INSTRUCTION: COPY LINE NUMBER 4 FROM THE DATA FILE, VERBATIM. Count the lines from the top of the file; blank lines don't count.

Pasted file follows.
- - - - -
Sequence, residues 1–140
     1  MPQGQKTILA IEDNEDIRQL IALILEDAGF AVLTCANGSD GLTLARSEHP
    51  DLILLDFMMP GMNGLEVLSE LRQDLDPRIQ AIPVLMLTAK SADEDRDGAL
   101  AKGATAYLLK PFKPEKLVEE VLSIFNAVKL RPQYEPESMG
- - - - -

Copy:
   101  AKGATAYLLK PFKPEKLVEE VLSIFNAVKL RPQYEPESMG